i started the morning in the basement looking for the circuit breaker that controls the bathroom ceiling light. it would've been easier just to turn off the power main, but i didn't want it tripping something that later needs resetting (like the pilot light in the hot water heater, i'm still not quite sure how that works). besides, this way i can fill in some blanks, finally figure out which circuit breaker is wired to control which region of the house.
if i had another person it would've been quicker, but it took me nearly an hour, as i kept running downstairs turning off one circuit, then running back upstairs looking for the place in the house where the power went out using a lighted voltage tester (blue for cold, red for hot). by the end i tripped nearly all the breakers but still couldn't find the one that i wanted. i finally did find it, circuit breaker 1, mislabeled as kitchen when it fact it controlled nearly all the ceiling lights in the house (with the exception of closet and kitchen dining pendant).
once the power was off, i went ahead and removed the bathroom ceiling light. that is one of the original lights in the house from when i bought it (the others are the porch lights and the kitchen dining pendant light). i'm not even sure how old it is, but over the years, the metal fixture started to rust in the moist bathroom environment, so now it's entirely oxidized. when my parents stayed over at my place while i was gone, my father noticed the glass globe enclosure was starting to fall, and discovered one of the two retention clips holding the globe in place had either snapped off or was entirely missing. so he took off the globe before it could smash anyone in the head. since then, i had this naked rusty bathroom fixture in serious need of a makeover.
removing the fixture was tricky. even after i removed the screws, it was still attached to the ceiling. using a towel and a hammer, i knocked on the sides until it finally came loose. from the paint marks, i could tell this was an original light since i painted around it when i repainted the bathroom ceiling.
i then removed the metal mounting strap, before discounting the wires, making sure i take photos along the way so i can put everything back the way it was before. this house was built in 1903 so it's interesting to see thick wire cables braided in rope fabric instead of rubber.
once the fixture was removed, i put the end caps back on the exposed wires, just to make sure it doesn't short circuit.
my original plan was to repair the fixture. the rust i could clean off, then spray the fixture with white appliance epoxy, so it'd look as good as new. as for the retention clip, if i could find the missing piece, i could rivet it back onto the fixture. i called my father asking if he saw the retention clip when he removed the glass globe, but he couldn't remember. he advised me to just get a new fixture, something like $10+, instead of spending the time refurbishing this old one.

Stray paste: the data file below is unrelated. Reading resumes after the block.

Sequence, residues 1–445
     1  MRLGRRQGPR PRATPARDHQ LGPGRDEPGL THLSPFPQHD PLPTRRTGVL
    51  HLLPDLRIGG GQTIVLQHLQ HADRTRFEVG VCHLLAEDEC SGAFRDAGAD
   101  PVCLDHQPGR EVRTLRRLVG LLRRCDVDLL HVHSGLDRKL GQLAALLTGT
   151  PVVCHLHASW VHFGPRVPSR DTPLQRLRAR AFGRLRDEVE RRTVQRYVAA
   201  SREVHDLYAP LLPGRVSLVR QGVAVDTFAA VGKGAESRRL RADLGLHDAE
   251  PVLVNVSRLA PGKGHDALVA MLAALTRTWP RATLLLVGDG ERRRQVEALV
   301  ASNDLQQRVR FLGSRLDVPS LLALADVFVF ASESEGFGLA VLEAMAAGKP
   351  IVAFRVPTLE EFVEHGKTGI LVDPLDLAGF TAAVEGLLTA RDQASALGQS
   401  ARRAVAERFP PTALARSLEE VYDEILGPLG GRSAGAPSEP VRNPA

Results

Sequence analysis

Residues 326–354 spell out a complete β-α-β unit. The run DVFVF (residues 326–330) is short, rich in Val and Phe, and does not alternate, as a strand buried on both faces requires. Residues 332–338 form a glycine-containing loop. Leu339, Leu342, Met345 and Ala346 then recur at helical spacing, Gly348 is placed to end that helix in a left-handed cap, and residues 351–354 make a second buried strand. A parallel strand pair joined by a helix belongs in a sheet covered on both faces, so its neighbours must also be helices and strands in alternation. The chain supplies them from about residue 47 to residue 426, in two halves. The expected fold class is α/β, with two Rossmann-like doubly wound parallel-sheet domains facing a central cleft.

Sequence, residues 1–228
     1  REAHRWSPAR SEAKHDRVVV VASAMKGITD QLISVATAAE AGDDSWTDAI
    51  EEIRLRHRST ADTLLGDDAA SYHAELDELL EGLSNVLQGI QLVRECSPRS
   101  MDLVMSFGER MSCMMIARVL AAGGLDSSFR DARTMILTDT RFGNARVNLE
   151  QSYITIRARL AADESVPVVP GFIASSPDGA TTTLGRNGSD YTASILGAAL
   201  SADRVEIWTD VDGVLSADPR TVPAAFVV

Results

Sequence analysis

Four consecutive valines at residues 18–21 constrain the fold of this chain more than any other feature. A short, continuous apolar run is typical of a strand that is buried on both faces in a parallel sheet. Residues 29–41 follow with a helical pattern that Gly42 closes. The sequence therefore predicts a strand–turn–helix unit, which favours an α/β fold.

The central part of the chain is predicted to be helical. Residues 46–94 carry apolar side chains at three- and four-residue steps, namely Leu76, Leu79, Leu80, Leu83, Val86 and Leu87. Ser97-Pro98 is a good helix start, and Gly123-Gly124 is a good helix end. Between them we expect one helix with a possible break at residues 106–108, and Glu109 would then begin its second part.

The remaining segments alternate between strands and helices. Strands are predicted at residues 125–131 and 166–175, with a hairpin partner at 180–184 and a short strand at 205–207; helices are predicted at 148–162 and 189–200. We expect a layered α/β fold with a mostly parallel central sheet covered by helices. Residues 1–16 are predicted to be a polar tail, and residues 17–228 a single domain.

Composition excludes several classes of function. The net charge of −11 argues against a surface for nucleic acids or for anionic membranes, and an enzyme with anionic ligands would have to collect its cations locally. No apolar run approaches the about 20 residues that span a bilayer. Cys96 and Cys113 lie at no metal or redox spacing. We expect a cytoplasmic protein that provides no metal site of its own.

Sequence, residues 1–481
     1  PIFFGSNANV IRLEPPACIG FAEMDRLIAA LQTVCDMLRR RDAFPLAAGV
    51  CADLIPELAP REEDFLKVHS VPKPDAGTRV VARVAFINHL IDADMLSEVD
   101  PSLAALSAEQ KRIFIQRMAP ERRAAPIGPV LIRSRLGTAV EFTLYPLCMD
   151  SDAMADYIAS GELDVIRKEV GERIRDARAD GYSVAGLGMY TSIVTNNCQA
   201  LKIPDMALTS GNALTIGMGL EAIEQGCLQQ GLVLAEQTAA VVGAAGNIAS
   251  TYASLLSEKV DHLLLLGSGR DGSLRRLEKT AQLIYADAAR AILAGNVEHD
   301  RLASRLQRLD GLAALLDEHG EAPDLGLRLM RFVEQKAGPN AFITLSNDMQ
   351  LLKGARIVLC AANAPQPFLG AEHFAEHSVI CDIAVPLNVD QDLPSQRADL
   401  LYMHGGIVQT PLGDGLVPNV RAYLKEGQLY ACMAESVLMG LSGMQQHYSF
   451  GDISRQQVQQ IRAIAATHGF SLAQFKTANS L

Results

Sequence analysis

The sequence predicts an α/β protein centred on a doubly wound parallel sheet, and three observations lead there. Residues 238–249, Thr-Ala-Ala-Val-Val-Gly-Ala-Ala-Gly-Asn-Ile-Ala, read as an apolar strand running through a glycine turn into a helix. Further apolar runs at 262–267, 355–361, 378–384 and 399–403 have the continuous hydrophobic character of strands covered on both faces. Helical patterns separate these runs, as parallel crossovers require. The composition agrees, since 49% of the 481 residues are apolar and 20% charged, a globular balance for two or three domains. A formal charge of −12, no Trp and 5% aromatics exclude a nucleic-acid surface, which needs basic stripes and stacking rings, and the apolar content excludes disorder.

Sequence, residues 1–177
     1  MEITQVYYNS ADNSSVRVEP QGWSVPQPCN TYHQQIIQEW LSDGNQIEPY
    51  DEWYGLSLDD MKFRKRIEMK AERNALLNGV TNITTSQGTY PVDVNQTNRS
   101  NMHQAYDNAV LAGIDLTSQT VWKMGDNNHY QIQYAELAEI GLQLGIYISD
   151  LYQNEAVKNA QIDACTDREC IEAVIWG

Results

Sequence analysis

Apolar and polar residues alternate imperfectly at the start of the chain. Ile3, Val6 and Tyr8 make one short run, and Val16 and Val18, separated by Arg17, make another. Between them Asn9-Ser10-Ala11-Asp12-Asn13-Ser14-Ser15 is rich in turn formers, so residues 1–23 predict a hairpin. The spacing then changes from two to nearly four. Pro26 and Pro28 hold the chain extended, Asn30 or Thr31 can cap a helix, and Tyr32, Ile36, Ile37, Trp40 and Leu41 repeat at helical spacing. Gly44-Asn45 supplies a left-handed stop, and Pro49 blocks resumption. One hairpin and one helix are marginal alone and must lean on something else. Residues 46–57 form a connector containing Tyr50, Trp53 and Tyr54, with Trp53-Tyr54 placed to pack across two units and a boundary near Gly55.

in the afternoon i took the motorcycle to belmont. when my parents returned home, we left for the arsenal mall. my mother has no interest in home depot (can't even remember the last time she was there), so she went to the nearby old navy while my father and i shopped for supplies. we were most interested in the slew of new LED lights, as cheap as we've ever seen them ($2 a piece), with fancy designs like a glass "flower" inside to better transmit the light. i ended up getting $50 worth of supplies, including wood filler for the missing paint area on the bedroom, a small can of semi-gloss pure white acrylic behr paint ($15), some clear plastic tarps, and an appliance epoxy spray (for my aging refrigerator door). i also got a new ceiling light ($12). it doesn't match the 7" diameter of my previous light, this one is 8", but it will cover up the mismatched ceiling paint area. we drove to the other side of the mall to pick up my mother before heading back home.
i returned to cambridge after dinner, the ceiling light strapped to the back of the motorcycle with bungie netting, the rest of the supplies in my backpack.
i didn't want to work on replacing the ceiling light until morning because i wouldn't be able to see very well with the electricity turned off. instead i went to work on patching up the guest bedroom door. after laying down some newspaper, i went about sanding the door surface, before using the wood filler to patch up any uneven areas. in hindsight i should've sprung for the color-changing wood filler for an extra $1, because the one that i got i can't tell when it's dry (i guess i could feel it to see). i'll let it dry overnight and sand it again tomorrow. from the looks of it, i may need to do another coat of patch to really even out some larger areas. once i get it painted though, you won't be able to tell the difference.